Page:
University of Wisconsin – River Falls
Career Services – 24 East Hathorn Hall
There are five types of cover letters used during the job search process: application letters (serve as an introduction to your resume), prospecting letters (an inquiry about possible vacancies or a request for an informational interview), thank you letters (a follow-up to an interview), acceptance letters (to accept a job offer), or rejection letters (used to thank an employer for a job offer, but to reject it). Many job seekers concentrate their efforts on developing a resume, but dedicate little time to writing effective letters. While a resume is important, a letter is an opportunity to further market your qualifications. And both the resume and cover letter provide the employer with a first impression of your communication skills.
This type of letter is used to apply for specific openings and accompanies your resume. It gives you an opportunity to introduce yourself to an employer and provides a link between the job, your skills, and experience.
The application letter should inform the reader why he or she is receiving the resume. If you have already spoken to them by phone or in person, note this in your letter (preferably in the first paragraph!) Hiring officials talk to many applicants each day. Do not assume they will remember you. Should give detailed information about your qualifications without repeating information from your resume verbatim. Instead, state the value of your experiences, education, or personal qualities. Ask yourself “What have I learned from these experiences?” Then relate this to the skills you can provide to the employer. Emphasize what you can do for the employer, not how you will personally benefit from being hired for the job.
When applying for a specific position, your letter should reflect the qualifications listed in the actual job posting. The closer the match between the employer’s requirements and your background, the more likely you will be contacted for an interview.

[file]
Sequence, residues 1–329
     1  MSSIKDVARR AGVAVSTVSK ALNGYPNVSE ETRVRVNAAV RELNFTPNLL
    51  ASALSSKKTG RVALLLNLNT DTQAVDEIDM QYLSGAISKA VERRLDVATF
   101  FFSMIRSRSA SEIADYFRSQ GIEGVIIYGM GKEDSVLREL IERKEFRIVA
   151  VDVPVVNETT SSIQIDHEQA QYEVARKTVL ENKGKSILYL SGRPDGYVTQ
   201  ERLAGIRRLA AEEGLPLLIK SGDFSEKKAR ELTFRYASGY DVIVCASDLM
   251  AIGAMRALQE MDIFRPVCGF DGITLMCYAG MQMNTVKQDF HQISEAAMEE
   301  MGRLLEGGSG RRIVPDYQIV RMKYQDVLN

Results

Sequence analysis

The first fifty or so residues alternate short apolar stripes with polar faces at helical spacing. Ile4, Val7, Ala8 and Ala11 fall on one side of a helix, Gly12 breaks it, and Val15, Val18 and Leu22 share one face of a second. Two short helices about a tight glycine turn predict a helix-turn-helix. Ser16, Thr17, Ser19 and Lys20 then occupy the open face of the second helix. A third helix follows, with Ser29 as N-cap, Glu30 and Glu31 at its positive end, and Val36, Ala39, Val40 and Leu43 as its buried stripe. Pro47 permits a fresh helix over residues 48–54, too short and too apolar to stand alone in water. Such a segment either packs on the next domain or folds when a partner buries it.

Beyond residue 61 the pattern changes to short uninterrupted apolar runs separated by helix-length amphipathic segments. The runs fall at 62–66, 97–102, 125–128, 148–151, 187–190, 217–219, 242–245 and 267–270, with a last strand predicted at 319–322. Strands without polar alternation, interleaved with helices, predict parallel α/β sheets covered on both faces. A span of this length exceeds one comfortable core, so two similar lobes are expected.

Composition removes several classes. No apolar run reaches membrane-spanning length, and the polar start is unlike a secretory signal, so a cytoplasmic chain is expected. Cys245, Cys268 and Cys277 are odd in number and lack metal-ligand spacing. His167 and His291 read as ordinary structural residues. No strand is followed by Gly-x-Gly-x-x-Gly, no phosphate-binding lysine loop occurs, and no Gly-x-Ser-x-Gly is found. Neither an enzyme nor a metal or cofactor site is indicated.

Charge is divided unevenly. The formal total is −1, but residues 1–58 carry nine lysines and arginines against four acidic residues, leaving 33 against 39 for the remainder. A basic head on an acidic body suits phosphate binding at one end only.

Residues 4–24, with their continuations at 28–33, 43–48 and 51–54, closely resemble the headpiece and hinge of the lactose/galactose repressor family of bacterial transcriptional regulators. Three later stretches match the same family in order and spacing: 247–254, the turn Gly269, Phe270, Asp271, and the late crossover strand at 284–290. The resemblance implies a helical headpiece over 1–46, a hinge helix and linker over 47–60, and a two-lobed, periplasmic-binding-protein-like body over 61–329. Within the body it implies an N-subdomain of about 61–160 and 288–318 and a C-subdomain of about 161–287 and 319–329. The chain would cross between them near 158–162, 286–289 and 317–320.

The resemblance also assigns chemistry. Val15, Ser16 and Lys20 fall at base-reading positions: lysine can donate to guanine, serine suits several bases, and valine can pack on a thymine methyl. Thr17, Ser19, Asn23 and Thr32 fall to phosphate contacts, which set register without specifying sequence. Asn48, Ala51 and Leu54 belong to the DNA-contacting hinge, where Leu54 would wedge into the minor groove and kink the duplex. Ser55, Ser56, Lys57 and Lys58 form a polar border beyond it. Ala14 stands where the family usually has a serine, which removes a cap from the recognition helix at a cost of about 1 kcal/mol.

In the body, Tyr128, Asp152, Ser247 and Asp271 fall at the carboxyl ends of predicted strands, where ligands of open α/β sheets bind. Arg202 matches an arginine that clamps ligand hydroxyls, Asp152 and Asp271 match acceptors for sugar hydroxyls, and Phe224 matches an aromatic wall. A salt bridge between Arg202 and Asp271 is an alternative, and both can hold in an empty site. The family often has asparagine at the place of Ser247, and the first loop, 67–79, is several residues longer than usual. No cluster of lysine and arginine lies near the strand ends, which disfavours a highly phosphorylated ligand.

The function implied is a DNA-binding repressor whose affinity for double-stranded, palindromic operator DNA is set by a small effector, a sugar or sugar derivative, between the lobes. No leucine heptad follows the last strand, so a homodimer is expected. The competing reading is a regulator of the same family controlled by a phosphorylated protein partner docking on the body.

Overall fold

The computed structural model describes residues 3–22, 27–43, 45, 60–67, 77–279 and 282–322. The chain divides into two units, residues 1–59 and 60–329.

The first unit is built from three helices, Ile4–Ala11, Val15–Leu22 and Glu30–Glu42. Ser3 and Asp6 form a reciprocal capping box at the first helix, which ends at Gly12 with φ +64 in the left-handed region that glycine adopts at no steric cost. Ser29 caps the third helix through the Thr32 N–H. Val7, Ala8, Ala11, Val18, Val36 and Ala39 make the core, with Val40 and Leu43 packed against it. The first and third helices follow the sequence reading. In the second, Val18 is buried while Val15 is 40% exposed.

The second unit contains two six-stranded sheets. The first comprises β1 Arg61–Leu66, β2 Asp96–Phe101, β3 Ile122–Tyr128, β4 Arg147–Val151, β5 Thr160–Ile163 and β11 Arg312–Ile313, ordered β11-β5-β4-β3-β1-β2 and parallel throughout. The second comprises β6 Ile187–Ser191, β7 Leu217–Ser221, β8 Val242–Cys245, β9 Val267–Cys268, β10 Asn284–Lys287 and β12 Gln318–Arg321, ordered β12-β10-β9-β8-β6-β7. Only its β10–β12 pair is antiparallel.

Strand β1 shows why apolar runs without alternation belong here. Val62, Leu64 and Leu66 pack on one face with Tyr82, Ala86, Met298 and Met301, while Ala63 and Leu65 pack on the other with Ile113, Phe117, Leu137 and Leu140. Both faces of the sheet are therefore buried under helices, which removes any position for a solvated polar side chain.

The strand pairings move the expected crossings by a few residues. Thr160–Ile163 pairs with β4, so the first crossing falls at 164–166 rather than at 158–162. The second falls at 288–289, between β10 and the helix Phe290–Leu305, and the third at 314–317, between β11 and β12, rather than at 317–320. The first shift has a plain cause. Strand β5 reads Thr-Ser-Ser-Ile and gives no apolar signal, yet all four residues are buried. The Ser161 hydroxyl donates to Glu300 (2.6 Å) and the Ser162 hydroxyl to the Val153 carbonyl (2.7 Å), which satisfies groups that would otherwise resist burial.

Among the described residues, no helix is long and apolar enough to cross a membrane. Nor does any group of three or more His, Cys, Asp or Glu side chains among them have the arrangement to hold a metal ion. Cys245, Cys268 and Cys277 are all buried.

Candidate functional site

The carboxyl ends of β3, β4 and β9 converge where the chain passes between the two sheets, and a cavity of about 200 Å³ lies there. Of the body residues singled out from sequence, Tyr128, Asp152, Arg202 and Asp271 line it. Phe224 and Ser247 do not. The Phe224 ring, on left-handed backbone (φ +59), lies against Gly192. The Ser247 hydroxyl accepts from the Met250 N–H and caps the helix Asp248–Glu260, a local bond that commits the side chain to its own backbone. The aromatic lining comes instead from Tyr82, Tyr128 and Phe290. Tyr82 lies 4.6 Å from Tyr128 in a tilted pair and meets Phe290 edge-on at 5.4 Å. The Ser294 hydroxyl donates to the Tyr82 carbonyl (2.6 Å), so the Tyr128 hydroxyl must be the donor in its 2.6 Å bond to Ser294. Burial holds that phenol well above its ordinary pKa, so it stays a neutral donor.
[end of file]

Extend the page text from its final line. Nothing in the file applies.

Letters should be professional, yet written creatively enough to attract the attention of the reader.
Letters of Interest/Prospecting Letters
Letters of interest are sent to organizations to investigate possible job vacancies. State your reason for inquiry in the letter. How did you find out about the organization? What prompted you to send a letter? Did you receive a referral from someone who works at the organization? The central paragraphs will be much the same as an application letter. Provide examples of your qualifications to persuade the employer to consider you for a position. It is important to follow these letters with a phone call, since you may never receive a response if no positions exist. In your letter mention the time frame in which you will be contacting the person. Then make sure you follow-up as promised. Allow 5-10 business days before you contact them.
We Build Success
The purpose of this letter is to get your enclosed resume read and to generate interviews. Use this type of letter in response to specific job advertisements and vacancy announcements. Your strategy is to demonstrate that your qualifications fit the requirements of the position. Study the position description carefully and decide on one or more themes – education, experience, interests, responsibility, etc. – that show persuasively how well you fit the position. Link major job dimensions with your related past performance and experience.
1298 Sixth Street
Park Forest, IL 53409
July 18, 2003
Ms. Jill Smith
Manager of Human Resources
Great Lakes Industries, Inc.
2900 Virginia Boulevard
Chicago, IL 53422
State why you are writing,
identify the position for which
you would like to be
considered, and indicate how
you heard of the position.
Dear Ms. Smith:
Please accept this letter and...
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